It seemed as if the dream of a perfect season might end for Gonzaga in the West Coast Conference championship on Tuesday. But Gonzaga found a rhythm in the second half — the Bulldogs were down by 12 points at halftime — to maintain their spotless record and secure an 88-78 win over BYU in the tournament title game.
Gonzaga will now enter the NCAA tournament with an opportunity to match the last perfect season, achieved by Indiana during the 1975-76 campaign, in college basketball history. Per head coach Mark Few, the team has embraced the history attached to this moment.
“We just talked about it in there,” Few said after Tuesday’s win. “We finally, finally acknowledged, like, look, this is a big deal; it puts us in some incredible company. That Kentucky team (2015). … It’s a heck of an accomplishment. It’s really a heck of an accomplishment in lieu of these atmospheres that have been so stale. I give this group of guys just a ton of credit.”
Gonzaga is now the fifth team to enter the NCAA tournament with an undefeated record — joining Indiana State (1979), UNLV (1991), Wichita State (2014) and Kentucky (2015) — since Indiana’s perfect season 45 years ago. None of the teams that followed Indiana have won a title.
Most recently, fans adorned in blue and white sobbed in the stands of Lucas Oil Stadium six years ago after Kentucky suffered a 71-64 loss to Wisconsin in the Final Four in Indianapolis in 2015. Much like Gonzaga, the Wildcats seemed to have it all: size, athleticism and NBA talent. They’d entered the NCAA tournament with a 34-0 record and they were just two wins from perfection when they ran into the Badgers.
Now, Gonzaga will get its shot at history. Although the stars have not aligned for the other undefeated programs in the modern version of the NCAA tournament, Gonzaga has already proved it is a step ahead of the field. It is not only college basketball’s last undefeated team this season, its résumé also includes wins over Kansas, West Virginia, Iowa, Virginia and BYU (three times).
Jalen Suggs creates space and makes a deep 3-point shot vs. BYU as Gonzaga captures the West Coast Conference title.
“It’s hard not to think about it,” said projected lottery pick Jalen Suggs about the potential for a perfect season, after contributing 23 points to Gonzaga’s win Tuesday. “But I think we’ve all done a good job of staying focused. At some point, you kind of have to acknowledge how special of a thing and how special of a ride that we’re on right now. I think the best part about it is that we’re all excited. We’re all excited to keep it going.”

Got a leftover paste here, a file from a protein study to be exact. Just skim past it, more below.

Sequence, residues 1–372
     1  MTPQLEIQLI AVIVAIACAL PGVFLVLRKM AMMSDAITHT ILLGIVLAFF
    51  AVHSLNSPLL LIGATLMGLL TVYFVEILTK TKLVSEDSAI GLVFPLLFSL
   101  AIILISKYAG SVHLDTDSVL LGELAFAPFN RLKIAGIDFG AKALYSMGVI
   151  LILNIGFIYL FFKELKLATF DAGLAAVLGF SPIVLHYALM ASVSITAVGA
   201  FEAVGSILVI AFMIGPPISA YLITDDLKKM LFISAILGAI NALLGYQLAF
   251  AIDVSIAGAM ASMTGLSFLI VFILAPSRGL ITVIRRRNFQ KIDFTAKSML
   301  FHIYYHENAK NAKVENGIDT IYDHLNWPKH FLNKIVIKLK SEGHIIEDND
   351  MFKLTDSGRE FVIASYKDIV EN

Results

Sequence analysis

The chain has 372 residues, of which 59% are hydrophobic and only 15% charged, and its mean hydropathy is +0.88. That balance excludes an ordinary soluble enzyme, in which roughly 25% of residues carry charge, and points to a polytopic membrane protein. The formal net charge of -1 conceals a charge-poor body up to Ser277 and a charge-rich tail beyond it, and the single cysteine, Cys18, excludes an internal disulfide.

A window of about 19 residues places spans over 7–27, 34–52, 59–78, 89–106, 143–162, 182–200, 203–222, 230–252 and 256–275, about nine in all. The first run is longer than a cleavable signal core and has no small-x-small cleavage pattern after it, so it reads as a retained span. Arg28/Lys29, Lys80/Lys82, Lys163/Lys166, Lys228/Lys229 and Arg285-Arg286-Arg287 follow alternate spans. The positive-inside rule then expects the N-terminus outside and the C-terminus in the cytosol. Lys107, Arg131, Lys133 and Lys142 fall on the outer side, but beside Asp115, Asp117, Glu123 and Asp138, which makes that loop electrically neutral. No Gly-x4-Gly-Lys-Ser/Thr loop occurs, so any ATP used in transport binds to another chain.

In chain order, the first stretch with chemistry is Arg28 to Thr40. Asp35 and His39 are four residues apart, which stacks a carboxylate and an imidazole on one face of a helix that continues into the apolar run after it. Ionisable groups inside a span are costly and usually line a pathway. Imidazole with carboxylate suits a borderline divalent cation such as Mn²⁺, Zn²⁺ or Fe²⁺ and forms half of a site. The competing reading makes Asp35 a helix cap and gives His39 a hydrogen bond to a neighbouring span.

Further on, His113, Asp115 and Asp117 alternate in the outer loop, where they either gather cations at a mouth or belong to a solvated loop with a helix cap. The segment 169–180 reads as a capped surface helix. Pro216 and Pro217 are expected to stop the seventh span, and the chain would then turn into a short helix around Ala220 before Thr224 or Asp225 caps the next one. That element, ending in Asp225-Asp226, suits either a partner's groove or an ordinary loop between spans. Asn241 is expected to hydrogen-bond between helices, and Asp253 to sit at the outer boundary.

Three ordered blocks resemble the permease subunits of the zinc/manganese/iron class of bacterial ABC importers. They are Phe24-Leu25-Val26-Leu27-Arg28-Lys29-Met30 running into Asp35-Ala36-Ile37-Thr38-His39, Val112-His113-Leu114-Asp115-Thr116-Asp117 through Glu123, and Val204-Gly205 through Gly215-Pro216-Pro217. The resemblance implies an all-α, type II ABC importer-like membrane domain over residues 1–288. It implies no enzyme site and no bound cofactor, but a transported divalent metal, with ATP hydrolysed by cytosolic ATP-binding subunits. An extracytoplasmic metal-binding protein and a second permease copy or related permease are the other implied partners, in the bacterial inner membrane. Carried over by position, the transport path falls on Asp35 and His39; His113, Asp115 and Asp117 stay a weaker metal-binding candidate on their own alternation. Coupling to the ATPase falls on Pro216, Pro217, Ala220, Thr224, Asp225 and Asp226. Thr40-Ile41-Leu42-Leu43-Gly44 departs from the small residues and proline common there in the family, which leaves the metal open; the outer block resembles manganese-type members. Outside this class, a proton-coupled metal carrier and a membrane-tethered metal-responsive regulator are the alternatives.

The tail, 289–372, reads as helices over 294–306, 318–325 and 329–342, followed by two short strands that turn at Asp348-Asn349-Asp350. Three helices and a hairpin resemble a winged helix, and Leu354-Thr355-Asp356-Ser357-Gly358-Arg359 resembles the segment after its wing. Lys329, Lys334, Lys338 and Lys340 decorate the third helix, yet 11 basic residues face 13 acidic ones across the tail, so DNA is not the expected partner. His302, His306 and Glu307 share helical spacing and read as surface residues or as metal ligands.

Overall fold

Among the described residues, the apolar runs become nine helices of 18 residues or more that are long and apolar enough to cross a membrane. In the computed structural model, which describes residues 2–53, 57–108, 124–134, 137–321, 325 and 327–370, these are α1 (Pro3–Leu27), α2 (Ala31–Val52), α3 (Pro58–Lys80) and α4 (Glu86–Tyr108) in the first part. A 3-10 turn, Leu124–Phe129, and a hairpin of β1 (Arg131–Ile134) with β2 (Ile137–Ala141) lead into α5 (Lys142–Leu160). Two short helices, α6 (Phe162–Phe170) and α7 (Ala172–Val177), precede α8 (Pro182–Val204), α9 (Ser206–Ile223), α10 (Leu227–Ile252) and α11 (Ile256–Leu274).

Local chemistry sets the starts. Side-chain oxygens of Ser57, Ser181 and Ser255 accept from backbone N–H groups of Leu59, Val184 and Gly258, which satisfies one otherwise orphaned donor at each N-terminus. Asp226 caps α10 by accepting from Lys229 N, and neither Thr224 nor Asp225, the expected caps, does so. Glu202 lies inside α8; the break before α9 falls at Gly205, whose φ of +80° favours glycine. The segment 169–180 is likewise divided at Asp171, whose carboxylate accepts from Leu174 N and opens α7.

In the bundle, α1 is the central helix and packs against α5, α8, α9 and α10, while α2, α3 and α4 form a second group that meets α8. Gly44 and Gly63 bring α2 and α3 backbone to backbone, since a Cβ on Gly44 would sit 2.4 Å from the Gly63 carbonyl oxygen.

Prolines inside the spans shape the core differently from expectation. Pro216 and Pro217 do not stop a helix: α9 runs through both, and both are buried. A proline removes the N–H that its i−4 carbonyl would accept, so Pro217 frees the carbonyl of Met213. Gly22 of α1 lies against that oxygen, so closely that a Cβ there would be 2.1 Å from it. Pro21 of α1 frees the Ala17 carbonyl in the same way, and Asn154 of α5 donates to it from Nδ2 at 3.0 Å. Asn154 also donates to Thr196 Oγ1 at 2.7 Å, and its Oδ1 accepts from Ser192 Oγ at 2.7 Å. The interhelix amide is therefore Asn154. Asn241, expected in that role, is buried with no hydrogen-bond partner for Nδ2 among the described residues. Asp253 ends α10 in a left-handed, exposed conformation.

It’s important to understand the impact of the expanded field and modern format on the pursuit of perfection in college basketball.
Per the NCAA, 19 teams — now 20 — have been perfect upon entering the final chapter of the season. All but four of those teams, including Gonzaga, will have entered the NCAA tournament with zero losses after the expansion of the field to 64 teams in 1985. Indiana’s perfect season unfolded a year after the field had been expanded from 16 teams to 32 teams in 1975. No team has completed a perfect season in the 64-team — now 68 teams — era.
While the perfect teams that fell after Indiana met the same fate, their journeys were different.
In the 1978-79 season, Larry Bird averaged 28.6 PPG and 14.9 RPG for an Indiana State squad that met Magic Johnson’s Michigan State team in the national championship game. It was a surprising run because Bird’s squad had not been ranked entering the season, although it quickly built momentum and generated buzz once the season began. Johnson scored 24 points in his team’s 75-64 win over the Sycamores.
In 1991, UNLV had won every regular season game, too. Larry Johnson (22.7 PPG) led the defending national champion, which featured five future NBA players. They were unstoppable in the tournament too, until they faced Duke — the same team they’d stomped by 30 points in the previous season’s national title game — and lost a 79-77 thriller in the Final Four. That was a shock for college basketball.
The 2013-14 Wichita State squad, however, seemed doomed from the beginning. On Selection Sunday that season, the undefeated Shockers — who hadn’t faced an impressive nonconference slate — were placed on a collision course with an 8-seed Kentucky team led by Julius Randle. Kentucky pulled off the 78-76 win over Wichita State in the second round and then made a run to the national title game, where it lost to UConn, 60-54.
But a year later, the 2015 Kentucky squad seemed like a lock to finish with a perfect record nearly 40 years after Indiana’s run. But Karl-Anthony Towns and Co. didn’t have an answer for Wisconsin’s Frank Kaminsky and Sam Dekker in the Final Four, where the Wildcats suffered a 71-64 loss.
Andrew Nembhard works his way inside and makes a shot for Gonzaga vs. BYU.
Now, Gonzaga will push for the school’s first national title while making NCAA history. The Bulldogs understand what they’re up against.
Like Indiana State, they’re not a sexy Power Five program. Like UNLV, they’re blessed with elite talent (Suggs and Corey Kispert are both projected top-10 picks in ESPN’s latest mock draft). Like Wichita State, they’ve faced a multitude of doubters. And like Kentucky, they’ve stormed through the season with a dominant effort.
And their dream is still alive.
“I’ve been waiting to play in these moments my entire life,” Suggs said Tuesday. “Tonight was surreal.”